For Immediate Release
24 March 2010
(Ottawa) NATO member nations are engaged in a vigorous debate about the future “Strategic Concept” for the alliance but, once again, Canada is sitting on the sidelines. Public debates are occurring in other countries, including the United States, but little has taken place in Canada.
“This is an opportunity for the Government of Canada to engage Canadians in a conversation about our future security needs, and the role of our military on the international stage,” said Steven Staples, President of the Rideau Institute.
The NATO Strategic Concept is an official document that outlines NATO’s purpose and its fundamental security tasks. In 2009, NATO member states initiated a process to create a new Strategic Concept to be presented at its next summit in late 2010.
Since Canada is a member of NATO, the Strategic Concept affects our defence priorities, including spending, equipment purchases, and the potential for joining international armed conflicts.
Today, the Rideau Institute released a discussion paper on the NATO Strategic Concept, suggesting that the alliance should shelve its expansion plans, avoid future “out-of-area” operations such as Afghanistan, and end its reliance upon nuclear weapons as an “essential” part of its security.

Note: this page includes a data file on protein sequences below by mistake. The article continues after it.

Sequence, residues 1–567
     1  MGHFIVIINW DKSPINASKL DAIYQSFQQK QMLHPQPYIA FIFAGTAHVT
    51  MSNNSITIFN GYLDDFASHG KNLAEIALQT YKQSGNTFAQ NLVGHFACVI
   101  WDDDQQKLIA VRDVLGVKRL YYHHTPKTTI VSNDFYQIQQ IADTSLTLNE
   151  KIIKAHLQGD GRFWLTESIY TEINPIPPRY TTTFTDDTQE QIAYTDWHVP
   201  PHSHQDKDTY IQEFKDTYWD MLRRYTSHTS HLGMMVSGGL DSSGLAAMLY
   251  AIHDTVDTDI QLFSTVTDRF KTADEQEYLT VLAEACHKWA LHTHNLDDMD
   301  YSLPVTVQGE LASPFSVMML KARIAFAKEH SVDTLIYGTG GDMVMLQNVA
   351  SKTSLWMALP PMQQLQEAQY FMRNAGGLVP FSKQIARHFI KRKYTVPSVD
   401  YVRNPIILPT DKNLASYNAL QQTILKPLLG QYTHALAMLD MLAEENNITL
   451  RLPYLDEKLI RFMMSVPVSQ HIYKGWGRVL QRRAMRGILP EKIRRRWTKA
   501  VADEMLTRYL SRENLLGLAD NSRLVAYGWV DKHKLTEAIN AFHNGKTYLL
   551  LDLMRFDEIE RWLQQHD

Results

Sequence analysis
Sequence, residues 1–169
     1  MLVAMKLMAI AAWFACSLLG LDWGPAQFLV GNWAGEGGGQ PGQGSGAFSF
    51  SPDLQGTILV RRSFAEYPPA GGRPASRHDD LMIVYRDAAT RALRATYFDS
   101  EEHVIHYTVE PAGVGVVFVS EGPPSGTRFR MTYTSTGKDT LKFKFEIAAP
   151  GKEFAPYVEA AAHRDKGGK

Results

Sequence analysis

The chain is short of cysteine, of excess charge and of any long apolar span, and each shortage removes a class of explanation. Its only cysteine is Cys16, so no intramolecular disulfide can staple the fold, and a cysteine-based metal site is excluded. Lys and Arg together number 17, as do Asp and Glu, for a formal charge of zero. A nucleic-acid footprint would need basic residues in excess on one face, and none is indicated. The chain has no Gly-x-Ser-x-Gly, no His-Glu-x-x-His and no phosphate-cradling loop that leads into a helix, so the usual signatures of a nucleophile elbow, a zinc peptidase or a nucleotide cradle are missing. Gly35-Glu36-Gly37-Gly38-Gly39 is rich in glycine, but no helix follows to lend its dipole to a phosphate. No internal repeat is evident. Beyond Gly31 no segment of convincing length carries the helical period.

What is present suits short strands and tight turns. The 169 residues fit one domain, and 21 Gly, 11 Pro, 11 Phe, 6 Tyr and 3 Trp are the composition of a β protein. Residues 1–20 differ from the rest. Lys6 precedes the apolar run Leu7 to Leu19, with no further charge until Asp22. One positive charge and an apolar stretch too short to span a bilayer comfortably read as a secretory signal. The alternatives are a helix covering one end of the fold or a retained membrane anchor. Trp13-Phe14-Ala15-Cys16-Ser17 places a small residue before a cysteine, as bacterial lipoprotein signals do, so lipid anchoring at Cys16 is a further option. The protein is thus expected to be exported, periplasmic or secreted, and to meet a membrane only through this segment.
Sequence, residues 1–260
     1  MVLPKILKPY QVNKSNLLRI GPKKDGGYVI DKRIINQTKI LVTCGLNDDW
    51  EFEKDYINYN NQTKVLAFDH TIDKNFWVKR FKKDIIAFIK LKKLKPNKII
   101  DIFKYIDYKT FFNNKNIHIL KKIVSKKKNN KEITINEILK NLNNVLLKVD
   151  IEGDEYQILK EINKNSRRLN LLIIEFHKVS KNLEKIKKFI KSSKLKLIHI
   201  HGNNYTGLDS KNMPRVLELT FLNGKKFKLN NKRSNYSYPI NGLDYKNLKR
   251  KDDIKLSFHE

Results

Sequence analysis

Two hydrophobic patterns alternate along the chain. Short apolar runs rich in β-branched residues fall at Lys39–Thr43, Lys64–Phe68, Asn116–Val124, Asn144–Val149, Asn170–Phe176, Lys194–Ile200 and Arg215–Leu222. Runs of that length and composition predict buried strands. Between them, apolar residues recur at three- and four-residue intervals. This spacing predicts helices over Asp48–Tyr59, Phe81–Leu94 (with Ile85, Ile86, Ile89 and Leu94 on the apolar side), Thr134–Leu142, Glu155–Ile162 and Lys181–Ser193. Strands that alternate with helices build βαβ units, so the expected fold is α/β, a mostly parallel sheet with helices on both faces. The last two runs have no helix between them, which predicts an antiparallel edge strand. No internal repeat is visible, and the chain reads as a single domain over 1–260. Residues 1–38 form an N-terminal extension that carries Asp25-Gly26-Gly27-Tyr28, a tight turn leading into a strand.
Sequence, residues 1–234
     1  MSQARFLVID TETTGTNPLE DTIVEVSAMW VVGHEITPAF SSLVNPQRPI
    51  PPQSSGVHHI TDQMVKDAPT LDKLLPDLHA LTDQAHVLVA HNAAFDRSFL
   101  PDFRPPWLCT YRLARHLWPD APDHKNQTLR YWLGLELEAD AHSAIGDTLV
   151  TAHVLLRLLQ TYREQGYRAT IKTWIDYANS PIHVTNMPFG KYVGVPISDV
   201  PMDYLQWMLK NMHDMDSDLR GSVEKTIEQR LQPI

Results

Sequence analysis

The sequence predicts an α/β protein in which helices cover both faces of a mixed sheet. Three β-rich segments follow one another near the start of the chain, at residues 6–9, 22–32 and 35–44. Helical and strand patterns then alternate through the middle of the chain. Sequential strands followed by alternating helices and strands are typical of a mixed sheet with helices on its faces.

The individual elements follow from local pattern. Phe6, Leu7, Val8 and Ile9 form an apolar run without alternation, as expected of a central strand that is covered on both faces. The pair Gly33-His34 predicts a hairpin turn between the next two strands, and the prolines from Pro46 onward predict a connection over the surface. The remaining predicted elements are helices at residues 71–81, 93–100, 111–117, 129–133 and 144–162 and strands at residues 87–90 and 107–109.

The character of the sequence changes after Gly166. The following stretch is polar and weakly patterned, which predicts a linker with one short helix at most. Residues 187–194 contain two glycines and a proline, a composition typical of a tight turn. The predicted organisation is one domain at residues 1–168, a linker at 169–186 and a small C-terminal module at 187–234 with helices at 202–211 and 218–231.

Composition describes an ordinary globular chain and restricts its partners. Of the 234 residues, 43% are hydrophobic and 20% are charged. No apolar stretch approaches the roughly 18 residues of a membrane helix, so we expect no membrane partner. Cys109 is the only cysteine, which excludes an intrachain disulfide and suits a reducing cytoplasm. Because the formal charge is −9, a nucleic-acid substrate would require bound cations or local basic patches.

“Instead, NATO’s members should restrict the role of the alliance to its original, North Atlantic Treaty-defined mission, the defence of its members’ territory, and, recognizing that Europe and North America face a diminished military threat now or for the foreseeable future, place the organization on “cold standby,” shutting down its operational military headquarters and command arrangements and using the alliance for the time being primarily as a consultation forum,” finds the report.
“Canada and NATO’s New Strategic Concept'” was prepared by defence analysts Steven Staples and Bill Robinson. It is available from www.RideauInstitute.ca
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For further information:
Steven Staples, President, Rideau Institute, o. (613) 565-9449 ext. 24, c. (613)
The Rideau Institute is an independent research, advocacy, and consulting group based in Ottawa.